November is Pancreatic Cancer Awareness Month

 

 

 

What is pancreatic cancer?

The pancreas is an organ found deep in the body, behind the stomach. It is shaped a little bit like a fish. It is about 6 inches long and less than 2 inches wide. It goes across the belly (abdomen).

The pancreas contains 2 different kinds of glands. The exocrine glands make pancreatic "juice." This juice has enzymes which break down fats and proteins in the foods you eat so the body can use them. Most of the cells in the pancreas are part of the exocrine system. A smaller number of cells in the pancreas are endocrine cells. These cells are arranged in clusters called islets. They make hormones like insulin that help balance the amount of sugar in the blood.

Both the exocrine and endocrine cells of the pancreas can form tumors. But tumors formed by the exocrine cells are much more common. When someone says that they have pancreatic cancer, they usually mean an exocrine pancreatic cancer. Not all of the tumors in the pancreas are cancer. A small number are not cancer (benign).

It is important to know whether a tumor is from the exocrine or endocrine part of the pancreas. Each type of tumor has its own signs and symptoms, is found using different tests, is treated in different ways, and has a different outlook for survival (prognosis).


What are the key statistics of pancreatic cancer?

The American Cancer Society's most recent estimates for pancreatic cancer in the United States are for 2011:

* About 44,030 new cases of pancreatic cancer
* About 37,660 deaths from pancreatic cancer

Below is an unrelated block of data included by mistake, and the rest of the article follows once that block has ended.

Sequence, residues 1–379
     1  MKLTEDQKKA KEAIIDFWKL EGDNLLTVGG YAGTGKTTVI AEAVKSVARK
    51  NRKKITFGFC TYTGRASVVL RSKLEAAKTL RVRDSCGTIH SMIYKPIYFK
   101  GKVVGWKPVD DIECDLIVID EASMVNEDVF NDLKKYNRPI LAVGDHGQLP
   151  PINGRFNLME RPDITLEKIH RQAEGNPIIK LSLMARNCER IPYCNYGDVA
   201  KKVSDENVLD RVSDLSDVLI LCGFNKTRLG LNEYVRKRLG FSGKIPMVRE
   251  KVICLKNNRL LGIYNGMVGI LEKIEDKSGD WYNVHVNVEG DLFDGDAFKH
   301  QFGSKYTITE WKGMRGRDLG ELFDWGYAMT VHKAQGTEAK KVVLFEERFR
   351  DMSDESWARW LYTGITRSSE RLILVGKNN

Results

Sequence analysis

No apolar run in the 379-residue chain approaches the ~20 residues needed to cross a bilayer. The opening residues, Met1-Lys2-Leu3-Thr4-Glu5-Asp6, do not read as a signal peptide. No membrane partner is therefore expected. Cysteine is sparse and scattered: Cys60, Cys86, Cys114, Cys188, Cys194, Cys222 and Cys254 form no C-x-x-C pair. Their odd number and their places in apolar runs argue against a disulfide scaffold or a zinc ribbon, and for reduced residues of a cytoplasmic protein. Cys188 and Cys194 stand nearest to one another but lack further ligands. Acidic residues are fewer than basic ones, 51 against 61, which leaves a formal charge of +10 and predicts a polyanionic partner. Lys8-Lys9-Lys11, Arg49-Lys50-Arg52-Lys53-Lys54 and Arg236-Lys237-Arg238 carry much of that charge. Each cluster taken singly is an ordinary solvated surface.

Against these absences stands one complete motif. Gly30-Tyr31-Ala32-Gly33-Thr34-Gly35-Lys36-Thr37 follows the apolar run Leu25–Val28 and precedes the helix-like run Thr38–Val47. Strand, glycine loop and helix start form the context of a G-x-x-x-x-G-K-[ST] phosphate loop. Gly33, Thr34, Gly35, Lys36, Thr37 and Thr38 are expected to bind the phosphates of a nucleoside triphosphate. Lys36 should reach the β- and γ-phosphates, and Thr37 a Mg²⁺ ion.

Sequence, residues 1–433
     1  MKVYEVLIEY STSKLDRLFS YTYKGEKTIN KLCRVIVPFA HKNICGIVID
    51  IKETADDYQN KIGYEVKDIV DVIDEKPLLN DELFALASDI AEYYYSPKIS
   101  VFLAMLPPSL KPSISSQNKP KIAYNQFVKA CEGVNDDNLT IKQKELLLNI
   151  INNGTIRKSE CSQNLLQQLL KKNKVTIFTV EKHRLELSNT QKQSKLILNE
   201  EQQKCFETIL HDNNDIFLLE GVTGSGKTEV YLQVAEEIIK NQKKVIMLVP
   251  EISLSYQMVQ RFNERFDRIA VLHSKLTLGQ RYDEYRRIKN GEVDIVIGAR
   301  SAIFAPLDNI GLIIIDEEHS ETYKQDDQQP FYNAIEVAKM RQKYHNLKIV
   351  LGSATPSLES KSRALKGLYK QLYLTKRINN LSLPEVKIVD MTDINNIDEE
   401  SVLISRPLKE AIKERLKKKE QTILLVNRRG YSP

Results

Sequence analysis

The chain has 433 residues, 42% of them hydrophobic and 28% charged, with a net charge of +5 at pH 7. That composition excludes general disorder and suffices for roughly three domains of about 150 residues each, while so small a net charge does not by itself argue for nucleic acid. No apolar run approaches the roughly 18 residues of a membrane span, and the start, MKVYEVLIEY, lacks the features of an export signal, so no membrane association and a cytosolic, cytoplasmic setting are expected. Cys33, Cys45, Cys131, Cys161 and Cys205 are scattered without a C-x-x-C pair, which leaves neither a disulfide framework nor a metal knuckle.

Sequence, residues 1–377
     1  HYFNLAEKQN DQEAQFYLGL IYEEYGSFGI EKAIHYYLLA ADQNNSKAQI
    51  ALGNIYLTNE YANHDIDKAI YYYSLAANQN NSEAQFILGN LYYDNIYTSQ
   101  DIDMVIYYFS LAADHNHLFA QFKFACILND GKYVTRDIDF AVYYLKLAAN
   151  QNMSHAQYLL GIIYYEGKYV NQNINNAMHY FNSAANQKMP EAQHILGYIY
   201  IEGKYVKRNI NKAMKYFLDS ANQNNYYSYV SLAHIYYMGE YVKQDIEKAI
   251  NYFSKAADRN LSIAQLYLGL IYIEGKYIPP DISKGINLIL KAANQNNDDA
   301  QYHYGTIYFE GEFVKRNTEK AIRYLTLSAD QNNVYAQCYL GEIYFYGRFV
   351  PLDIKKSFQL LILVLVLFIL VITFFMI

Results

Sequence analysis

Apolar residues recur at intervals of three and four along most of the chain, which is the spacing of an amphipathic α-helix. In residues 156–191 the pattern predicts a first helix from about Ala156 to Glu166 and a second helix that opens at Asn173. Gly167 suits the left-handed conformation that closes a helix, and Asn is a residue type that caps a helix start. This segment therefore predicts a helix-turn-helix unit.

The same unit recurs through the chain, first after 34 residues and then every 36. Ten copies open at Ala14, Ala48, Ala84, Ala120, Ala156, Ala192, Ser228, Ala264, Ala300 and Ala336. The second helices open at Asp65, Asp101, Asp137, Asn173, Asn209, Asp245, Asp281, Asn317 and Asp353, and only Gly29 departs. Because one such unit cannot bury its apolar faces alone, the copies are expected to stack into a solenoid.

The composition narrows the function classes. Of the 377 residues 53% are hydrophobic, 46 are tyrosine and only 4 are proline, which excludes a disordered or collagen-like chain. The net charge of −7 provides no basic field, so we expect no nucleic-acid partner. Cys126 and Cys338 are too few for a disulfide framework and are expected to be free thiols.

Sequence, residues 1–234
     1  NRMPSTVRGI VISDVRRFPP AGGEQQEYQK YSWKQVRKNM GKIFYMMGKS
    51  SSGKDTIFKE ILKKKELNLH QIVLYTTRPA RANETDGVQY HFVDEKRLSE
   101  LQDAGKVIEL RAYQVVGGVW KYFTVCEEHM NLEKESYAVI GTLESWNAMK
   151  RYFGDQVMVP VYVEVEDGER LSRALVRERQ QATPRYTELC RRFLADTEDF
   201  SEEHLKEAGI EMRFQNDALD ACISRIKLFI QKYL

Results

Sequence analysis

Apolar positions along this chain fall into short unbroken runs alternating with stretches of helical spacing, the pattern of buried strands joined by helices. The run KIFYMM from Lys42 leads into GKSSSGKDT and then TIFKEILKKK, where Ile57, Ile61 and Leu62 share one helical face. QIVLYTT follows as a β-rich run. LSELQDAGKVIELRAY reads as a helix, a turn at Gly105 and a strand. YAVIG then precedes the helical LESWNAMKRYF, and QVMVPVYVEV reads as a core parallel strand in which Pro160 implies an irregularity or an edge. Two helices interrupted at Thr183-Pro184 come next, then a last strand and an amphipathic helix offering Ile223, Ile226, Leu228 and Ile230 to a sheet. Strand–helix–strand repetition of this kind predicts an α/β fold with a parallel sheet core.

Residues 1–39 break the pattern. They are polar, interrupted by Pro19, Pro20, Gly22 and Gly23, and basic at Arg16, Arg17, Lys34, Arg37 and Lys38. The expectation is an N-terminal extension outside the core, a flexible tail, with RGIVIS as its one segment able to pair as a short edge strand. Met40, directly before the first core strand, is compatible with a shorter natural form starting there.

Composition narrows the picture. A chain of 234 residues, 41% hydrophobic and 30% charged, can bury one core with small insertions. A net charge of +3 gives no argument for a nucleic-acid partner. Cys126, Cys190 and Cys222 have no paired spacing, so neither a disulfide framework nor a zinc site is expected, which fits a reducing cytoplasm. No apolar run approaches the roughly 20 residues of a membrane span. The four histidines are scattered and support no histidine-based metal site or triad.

The lifetime risk of having pancreatic cancer is about 1 in 71. It is about the same for both men and women. A person's risk may be changed by certain risk factors.

We still do not know exactly what causes most cases of pancreatic cancer. But some risk factors have been linked to the disease. A risk factor is something that affects a person's chance of getting a disease such as cancer. Some risk factors, like smoking, can be controlled. Others, like a person's age or race, can't be changed.

Recent research has shown that some of these risk factors affect the DNA of cells in the pancreas, which can lead to abnormal cell growth and may cause tumors to form. DNA is the substance in each cell that carries our genes -- the instructions for how our cells work.

See the American Cancer Society's web page for more details on the risk factors for pancreatic cancer.


How is pancreatic cancer diagnosed?

It is hard to find pancreatic cancer early. Because the pancreas is deep inside the body, the doctor cannot see or feel tumors during a routine physical exam. By the time a person has symptoms, the cancer is usually large and has spread to other organs. This is the main reason that people with this cancer often have a poor outlook.

Right now there are no blood tests or other tests that can easily find this cancer early in people without symptoms. Doctors are looking at whether a test called endoscopic ultrasound can be useful to screen people with a high risk of pancreatic cancer. Levels of tumor markers such as CA 19-9 and CEA may be higher than normal in people with pancreatic cancer, but the cancer is usually advanced by the time the levels become high.

Tests for certain genes in people with a strong family history of the disease can help tell if they are at higher risk for this cancer. These tests are not used to screen the general public. The American Cancer Society strongly recommends that any person thinking about genetic testing talk with a genetic counselor, nurse, or doctor who can explain the about the test before they proceed with testing.

Please visit the American Cancer Society web site for more signs and symptoms as well as treatment options for pancreatic cancer.



What we're doing at the Purdue University Center for Cancer Research

Read about pancreatic cancer research being conducted by Center member Dr. Claudio Aguilar.

Pancreatic Discovery Group

Jordan-Rieger Fund for Pancreatic Cancer